Ancient remains unearthed at Ylig Bridge - KUAM.com-KUAM News: On Air. Online. On Demand.

Ancient remains unearthed at Ylig Bridge

by Nick Delgado

Guam - A major discovery has been made in the central village of Yona, as construction workers handling the Ylig Bridge project uncovered a piece of the island's history. Officials say ancient human remains were found during excavation efforts at the project site.

Public Works issued a stop work order after ancient remains were unearthed at the Ylig Bridge Replacement Project in Yona this week. "This one here has been hold up for a while until the archaeologist will decide go ahead and continue the excavation then that's when we will continue," said Dado Dantes.

Dantes, the site superintendent, says his team is in charge of constructing the temporary Ylig Bridge in Yona. He says the project will take about three months before they can begin work on a new permanent bridge. Dantes says it was early Wednesday morning when his staff was excavating north of the bridge for the sedimentation basin, and not long after the discovery was made.

Sandy Yee with International Archeological Research on Guam says the operator of the backhoe made the find. "It had gone through several layers of old road fill and sand deposit and we suddenly came across a burial so because it would be damaged by the road construction we have recorded where it is," she said. "As soon as we find one it's usually a big caution sign, so we were cautious and that's why we found this one before the backhoe damaged it but it means we're gong to be doubly vigilant for the rest of the excavation."

The Ylig Bridge construction is part of the road to the new landfill site in Layon, however, DPW says this finding does not impede road access. Archaeologists say that the discovery is from the latte period around the 1200 AD, give or take 100 years, they say that they will now analyze the remains before reburying it at another site.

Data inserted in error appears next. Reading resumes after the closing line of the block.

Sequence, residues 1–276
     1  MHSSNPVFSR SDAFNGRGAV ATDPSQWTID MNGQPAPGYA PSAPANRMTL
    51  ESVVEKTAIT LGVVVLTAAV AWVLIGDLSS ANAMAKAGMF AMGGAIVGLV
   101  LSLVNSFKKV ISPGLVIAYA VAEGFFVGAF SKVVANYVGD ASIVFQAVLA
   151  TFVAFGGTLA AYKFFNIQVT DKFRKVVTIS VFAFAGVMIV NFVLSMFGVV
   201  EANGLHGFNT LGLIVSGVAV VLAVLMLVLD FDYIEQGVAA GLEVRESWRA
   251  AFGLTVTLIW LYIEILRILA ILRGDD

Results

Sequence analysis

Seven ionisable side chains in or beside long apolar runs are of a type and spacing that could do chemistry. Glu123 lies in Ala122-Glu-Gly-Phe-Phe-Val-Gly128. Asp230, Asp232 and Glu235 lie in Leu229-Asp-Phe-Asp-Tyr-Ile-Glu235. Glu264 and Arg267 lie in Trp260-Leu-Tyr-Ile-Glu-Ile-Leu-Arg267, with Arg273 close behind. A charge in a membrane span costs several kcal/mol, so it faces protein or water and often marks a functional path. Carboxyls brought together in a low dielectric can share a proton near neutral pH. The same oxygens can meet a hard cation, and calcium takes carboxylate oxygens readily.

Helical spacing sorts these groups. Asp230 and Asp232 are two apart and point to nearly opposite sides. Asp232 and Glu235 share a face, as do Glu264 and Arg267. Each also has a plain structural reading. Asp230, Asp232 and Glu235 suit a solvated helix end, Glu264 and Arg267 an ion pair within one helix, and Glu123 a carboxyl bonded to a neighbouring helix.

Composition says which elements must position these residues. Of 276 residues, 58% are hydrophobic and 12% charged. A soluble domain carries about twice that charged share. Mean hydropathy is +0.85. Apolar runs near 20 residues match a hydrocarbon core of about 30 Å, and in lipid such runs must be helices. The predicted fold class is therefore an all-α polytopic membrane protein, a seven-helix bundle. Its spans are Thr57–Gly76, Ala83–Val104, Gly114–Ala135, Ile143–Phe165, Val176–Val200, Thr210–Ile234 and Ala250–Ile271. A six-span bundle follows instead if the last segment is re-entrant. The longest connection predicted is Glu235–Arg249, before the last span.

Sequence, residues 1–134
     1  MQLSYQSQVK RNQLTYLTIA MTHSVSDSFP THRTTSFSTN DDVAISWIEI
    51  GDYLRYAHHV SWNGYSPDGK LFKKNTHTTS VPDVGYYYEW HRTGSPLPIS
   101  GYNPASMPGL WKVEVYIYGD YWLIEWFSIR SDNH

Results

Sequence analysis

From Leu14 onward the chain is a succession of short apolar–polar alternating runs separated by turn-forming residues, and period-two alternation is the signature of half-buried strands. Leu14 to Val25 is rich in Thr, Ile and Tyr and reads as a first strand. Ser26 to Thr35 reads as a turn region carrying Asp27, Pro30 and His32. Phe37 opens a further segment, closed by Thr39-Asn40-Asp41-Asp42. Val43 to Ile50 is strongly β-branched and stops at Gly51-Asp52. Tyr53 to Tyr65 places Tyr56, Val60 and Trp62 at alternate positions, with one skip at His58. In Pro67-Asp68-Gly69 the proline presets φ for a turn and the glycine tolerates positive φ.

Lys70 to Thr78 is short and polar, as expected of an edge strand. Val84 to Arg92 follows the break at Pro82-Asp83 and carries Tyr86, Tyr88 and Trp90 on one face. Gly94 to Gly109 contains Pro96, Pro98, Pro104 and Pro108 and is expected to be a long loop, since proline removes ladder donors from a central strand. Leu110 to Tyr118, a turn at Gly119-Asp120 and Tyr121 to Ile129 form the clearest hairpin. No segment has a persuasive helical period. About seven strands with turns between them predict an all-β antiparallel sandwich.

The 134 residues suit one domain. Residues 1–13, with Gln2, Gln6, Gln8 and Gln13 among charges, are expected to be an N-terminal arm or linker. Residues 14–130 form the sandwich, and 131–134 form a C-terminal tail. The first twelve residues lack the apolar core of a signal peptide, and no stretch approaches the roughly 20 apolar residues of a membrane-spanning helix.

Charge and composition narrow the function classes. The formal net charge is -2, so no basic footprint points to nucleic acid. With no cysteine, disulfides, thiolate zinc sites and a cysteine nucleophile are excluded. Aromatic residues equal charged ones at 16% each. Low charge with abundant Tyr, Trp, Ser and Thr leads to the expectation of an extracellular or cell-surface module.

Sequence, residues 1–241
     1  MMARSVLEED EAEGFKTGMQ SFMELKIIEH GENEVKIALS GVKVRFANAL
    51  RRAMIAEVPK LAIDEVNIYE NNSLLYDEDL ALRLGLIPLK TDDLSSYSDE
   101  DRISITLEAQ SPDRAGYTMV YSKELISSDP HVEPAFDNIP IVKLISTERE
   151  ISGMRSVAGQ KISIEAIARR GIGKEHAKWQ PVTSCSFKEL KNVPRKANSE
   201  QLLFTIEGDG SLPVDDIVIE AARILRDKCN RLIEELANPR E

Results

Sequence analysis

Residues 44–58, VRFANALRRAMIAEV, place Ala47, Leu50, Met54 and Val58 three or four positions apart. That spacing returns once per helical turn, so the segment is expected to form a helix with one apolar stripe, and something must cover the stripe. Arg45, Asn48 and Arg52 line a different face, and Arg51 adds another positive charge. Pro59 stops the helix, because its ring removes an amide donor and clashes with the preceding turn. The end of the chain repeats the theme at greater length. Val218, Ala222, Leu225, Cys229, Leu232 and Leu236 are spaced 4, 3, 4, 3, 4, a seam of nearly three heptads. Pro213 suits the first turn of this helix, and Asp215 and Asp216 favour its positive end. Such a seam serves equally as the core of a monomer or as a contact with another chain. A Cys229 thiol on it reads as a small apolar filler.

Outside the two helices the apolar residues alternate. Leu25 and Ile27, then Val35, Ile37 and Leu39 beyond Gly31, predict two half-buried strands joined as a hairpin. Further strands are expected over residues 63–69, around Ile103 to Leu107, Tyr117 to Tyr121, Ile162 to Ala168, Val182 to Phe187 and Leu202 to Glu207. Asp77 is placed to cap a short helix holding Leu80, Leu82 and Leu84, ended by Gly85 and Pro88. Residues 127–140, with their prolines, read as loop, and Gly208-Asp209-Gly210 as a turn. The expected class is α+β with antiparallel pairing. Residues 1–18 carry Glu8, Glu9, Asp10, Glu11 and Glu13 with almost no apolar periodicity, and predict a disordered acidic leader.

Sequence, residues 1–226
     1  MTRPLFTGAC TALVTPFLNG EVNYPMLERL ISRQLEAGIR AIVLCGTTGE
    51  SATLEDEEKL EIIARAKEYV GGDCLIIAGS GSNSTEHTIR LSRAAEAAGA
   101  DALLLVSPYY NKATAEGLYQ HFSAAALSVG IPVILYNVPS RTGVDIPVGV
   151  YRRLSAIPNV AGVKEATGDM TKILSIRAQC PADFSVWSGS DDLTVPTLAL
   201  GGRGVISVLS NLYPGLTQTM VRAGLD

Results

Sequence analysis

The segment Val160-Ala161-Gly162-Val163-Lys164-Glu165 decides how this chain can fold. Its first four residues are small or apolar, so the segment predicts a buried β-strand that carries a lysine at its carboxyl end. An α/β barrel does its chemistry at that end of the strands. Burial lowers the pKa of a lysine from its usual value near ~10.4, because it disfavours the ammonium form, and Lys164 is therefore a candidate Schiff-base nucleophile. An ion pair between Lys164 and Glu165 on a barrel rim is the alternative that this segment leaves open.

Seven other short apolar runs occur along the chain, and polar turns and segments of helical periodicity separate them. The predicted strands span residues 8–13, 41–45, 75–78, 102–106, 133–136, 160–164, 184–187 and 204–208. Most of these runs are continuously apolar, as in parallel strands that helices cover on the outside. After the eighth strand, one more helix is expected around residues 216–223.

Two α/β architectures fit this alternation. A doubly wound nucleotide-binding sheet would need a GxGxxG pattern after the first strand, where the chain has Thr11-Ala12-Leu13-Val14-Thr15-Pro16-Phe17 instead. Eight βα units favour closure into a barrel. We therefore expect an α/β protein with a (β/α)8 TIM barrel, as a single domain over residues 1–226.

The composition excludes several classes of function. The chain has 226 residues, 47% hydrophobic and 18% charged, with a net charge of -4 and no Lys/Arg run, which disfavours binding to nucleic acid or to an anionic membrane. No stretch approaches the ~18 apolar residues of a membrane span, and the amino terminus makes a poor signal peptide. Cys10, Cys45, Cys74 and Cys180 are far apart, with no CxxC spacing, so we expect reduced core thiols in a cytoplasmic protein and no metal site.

Yee says they collecting data and estimates it should take about three days to remove the remains from the site depending on the weather conditions. "The burials were within the village so its not just a cemetery it's the whole extent of the village site and at this point we are going to say its from rivers edge up the cliff. We know that several hundred meters back there was a center from a large village site and it continues," she continued.

Yee says they have to determine if more remains are in the area, as they have found multiple burial sites at other construction sites. The Guam State Historic Preservation Office has a memorandum of agreement with DPW when it comes to their involvement with these ancient discoveries. Yee says they also found ancient pottery, and pearls carved as fish hooks. Items she says will be handed over to the Guam Museum for curation.

She says their analyses make take about another week to conduct. "Skeletal specialists will come in and look at the bones and just by measuring them tell age, sex, if they had certain illness in their life, broken bones things like that; how strong they were, we can see some of the muscle attachments and know some of them, especially pre-Spanish time were very strong," she said.

Late this afternoon, DPW stated that the remains will be re-interred in a memorial that will be constructed at the Yona site and a proper ceremony will be held for the ancient remains.

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